G. Damdinnyam, a newly elected member who has formed a Mining Lobby Group in Parliament and is its chairman, said in his address to the forum that mining is the foundation of the Mongolian economy and is also the sector that attracts most investment. He thus finds it strange that the Mongolian government is yet to set up a “single window” system to facilitate interaction with investors and foreign representatives and to increase efficiency through time and cost savings for them in their dealings with government authorities. Instead, he said, foreign trade is under the Ministry of Foreign Affairs, investment is under the Ministry of Finance, and there is, in addition, a National Investment Agency, “making it very difficult for investors to navigate”. He said they were working on setting up a committee to promote foreign trade and investment which would submit its recommendations to Parliament. There should be a permanent agency to promote foreign trade and investment and protect the interests of investors. He also wanted a clearer legal definition of the “local” issue as also of the exact status and nature of mineral resources under Article 6.2 of the Constitution.
The Mining Lobby Group will actively press for better and less ambiguous laws governing the mining sector. Loopholes have to be eliminated and contradictions between provisions in different laws removed. For this, amendments would have to be made to the Minerals Law, the Petroleum Law, the Subsoil Law, the Minerals Transparency Law, the Heavy Industry Promotion Law, and the draft law on the National Wealth Fund. These are to be discussed at the autumn session of Parliament, Damdinnyam said.
Mining and Heavy Industry Minister G.Yondon said the Government wants to create a “stable and multi-pillared economic structure by developing transparent and accountable mining and value-added production, and by increasing mineral resources”. With this goal in mind, the MMHI will work with foreign and domestic companies to attract investment in four major and interrelated sectors: geology, mining, oil, and heavy industry. It would also work for a more favourable legal environment, and implement mutually beneficial projects and programmes. The newly created National Geology Office, which has started operating, would help develop the geological sector in ways suggested in state documents.
O. Batnairamdal, Deputy Minister at the MMHI, said that other countries’ experience in issuing exploration licences through auctions was being carefully studied to see how the situation in Mongolia could be improved. The Government was committed to value-adding and the oil refinery under construction, the proposed plants to process copper concentrate and coal, and the iron and steel plants would all help in this. Some infrastructure work has been started and “the next four years will be a period of transition from mining to processing”.
Batnairamdal gave the following timeline for developing the processing industry between now and 2024.
Coal: Of the 50 million tonnes projected to be exported, 30 percent would be processed, more than double the current percentage of 13.7. Erdenes Tavan Tolgoi will set up a processing plant to make this possible. Railways will be built in both directions.
Copper: At present, Oyu Tolgoi and Erdene mines produce 1 million tonnes of copper concentrate every year, while the production of pure cathode copper with 99.99% copper concentrate is 6,200,000 tonnes. Production will go up once the Tsagaansuvarga deposit is commissioned. About 2.5 million tonnes of concentrate will be processed by 2024, with a plant for the purpose built at Oyu Tolgoi joining the existing one at Erdenet. At the same time, production of 152,000 tonnes of pure cathode copper (excluding Oyu Tolgoi) is expected to generate $1 billion in revenue, and will also increase the production of end products such as cables and copper wire, in plants run mostly by small and medium entrepreneurs.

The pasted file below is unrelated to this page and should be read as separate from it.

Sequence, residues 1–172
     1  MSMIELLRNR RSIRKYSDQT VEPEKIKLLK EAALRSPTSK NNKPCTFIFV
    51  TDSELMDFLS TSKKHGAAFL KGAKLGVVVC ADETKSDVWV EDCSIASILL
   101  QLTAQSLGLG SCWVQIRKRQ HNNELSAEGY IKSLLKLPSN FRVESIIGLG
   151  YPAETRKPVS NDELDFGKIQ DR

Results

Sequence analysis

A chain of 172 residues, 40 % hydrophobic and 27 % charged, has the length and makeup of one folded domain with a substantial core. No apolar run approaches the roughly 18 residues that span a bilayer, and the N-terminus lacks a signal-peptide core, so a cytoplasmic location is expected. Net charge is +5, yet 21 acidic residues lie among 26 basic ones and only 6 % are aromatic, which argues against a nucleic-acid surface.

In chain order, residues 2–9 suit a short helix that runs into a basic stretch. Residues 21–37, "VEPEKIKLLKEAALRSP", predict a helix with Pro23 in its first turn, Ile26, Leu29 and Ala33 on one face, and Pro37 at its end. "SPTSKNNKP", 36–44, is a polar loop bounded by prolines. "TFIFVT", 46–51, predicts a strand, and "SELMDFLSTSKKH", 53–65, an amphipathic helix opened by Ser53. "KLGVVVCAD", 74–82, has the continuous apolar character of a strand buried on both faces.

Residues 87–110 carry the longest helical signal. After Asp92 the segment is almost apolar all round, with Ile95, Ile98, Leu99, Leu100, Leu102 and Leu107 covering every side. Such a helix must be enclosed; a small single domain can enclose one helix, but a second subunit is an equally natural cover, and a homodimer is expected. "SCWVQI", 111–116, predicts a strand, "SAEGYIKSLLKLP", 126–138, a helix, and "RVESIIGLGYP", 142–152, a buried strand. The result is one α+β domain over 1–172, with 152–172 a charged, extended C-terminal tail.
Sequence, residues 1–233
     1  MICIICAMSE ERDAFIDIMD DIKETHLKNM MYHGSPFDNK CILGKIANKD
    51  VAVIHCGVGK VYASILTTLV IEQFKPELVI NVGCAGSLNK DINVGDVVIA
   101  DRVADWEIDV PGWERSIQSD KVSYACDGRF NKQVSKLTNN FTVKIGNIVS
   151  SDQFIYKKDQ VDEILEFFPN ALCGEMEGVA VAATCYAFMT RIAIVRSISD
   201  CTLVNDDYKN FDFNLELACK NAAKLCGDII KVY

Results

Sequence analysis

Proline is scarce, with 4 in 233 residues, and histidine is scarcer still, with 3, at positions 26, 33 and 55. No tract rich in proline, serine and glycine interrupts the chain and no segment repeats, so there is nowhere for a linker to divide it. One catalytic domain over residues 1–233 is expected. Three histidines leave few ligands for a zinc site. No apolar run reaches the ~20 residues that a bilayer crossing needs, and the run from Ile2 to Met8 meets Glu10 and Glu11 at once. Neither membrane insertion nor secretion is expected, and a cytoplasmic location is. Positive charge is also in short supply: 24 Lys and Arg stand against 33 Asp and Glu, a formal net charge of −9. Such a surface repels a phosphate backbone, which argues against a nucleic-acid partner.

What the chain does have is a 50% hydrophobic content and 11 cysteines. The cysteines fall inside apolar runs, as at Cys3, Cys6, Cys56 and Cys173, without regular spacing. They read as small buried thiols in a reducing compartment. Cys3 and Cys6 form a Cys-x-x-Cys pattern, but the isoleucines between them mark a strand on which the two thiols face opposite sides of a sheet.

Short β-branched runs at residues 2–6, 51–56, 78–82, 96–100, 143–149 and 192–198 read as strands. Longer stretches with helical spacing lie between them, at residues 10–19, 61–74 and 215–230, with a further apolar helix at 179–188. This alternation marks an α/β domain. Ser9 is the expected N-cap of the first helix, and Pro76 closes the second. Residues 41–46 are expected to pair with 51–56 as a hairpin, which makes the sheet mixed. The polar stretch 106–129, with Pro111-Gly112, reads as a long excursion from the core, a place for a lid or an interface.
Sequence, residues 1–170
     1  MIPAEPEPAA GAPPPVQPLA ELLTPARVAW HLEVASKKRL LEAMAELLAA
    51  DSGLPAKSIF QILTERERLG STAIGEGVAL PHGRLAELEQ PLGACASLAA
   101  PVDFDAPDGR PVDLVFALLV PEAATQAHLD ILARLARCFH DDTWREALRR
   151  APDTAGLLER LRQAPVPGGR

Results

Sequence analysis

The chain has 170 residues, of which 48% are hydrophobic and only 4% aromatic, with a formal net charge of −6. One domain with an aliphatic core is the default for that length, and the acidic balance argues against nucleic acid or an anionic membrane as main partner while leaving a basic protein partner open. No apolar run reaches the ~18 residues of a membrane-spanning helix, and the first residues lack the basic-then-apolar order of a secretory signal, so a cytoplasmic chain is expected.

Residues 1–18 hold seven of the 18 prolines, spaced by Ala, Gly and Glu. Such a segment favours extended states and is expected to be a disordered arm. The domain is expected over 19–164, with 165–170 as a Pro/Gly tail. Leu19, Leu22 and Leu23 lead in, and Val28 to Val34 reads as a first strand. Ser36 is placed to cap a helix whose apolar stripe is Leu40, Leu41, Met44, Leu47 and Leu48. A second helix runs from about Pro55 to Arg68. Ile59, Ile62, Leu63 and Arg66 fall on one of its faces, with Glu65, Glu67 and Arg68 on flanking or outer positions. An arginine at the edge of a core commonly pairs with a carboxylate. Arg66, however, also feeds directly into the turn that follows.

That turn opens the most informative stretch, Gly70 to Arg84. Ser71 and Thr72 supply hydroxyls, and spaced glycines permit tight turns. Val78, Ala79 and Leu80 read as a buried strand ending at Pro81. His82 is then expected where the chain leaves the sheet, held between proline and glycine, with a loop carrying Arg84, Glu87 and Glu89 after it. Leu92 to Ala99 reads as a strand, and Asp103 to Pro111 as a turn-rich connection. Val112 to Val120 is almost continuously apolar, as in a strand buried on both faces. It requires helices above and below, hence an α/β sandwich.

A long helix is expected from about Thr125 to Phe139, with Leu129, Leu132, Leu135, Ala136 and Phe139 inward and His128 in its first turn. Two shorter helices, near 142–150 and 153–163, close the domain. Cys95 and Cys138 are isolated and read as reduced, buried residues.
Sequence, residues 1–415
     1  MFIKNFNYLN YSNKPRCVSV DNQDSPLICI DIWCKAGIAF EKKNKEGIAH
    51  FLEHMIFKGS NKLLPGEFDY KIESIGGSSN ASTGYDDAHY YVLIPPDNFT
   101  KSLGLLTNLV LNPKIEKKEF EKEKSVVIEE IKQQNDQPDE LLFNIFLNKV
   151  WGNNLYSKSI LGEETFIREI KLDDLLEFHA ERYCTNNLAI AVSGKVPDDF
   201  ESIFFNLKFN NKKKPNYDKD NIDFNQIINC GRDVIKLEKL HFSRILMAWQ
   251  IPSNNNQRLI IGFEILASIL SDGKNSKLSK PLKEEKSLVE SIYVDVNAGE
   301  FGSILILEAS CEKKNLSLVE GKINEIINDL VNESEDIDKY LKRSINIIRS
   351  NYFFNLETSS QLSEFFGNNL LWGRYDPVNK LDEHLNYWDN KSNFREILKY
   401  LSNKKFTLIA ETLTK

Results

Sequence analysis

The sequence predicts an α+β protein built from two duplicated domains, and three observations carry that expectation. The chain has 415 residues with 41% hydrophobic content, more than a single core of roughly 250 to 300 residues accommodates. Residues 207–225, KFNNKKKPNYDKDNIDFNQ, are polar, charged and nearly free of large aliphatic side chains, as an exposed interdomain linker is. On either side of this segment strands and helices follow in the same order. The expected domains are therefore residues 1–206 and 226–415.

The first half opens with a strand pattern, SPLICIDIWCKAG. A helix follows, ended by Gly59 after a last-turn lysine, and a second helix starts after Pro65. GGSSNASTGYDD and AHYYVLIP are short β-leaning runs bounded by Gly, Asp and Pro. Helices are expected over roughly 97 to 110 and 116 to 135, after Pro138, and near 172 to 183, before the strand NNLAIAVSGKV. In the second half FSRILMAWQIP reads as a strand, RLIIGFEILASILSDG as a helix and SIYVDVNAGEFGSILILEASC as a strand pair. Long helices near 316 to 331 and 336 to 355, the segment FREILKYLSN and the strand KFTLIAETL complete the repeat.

Iron ore: Mongolia consumes 500,000 tonnes of steel products per year, and 16.5 percent of the 278,000 tonnes of armature is made locally. In four years, production of steel products will increase enough to meet 80 percent of domestic demand.
Oil: Mongolia imports all its oil and 98.4 percent of this comes from Russia. Four years from now, the fully operational oil refinery is estimated to meet 55 percent of our needs. In addition, small and medium-sized enterprises of oil industry by-products are expected to come up.
The importance of the gold sector
World gold prices have risen about 25 percent this year and are expected to remain high. The MMHI gives great importance to the sector and its policy is to provide support for development of major deposits. Currently, 11 companies have received a total of MNT107 billion in long- and medium-term loans under the Gold 2 programme.
Jewellery used to account for 40 to 50 percent of the world’s gold trade, but the pandemic has shrunk it by more than 30 percent. Savings in the form of gold coins and bars have become more popular and the purchase of gold as financial instrument has increased dramatically. Whatever the form of use, demand remains constant. Mongolia’s gold reserves total about 2,000 tonnes, half of which is at Oyu Tolgoi, mixed in the copper. Placer deposits hold between 200 and 300 tonnes and the rest are in hard-rock deposits. Of the 538 valid gold extraction licences, 21 percent are for the latter. In the first ten months, the Bank of Mongolia purchased 19 tonnes of gold, increasing foreign exchange reserves by $750 million. The full year’s target is to buy 20 tonnes and increase exchange reserves by $1 billion, the first time the gold sector would generate $1 billion in revenue, thanks to high prices. Earlier, this revenue fluctuated between $400 million and $800 million.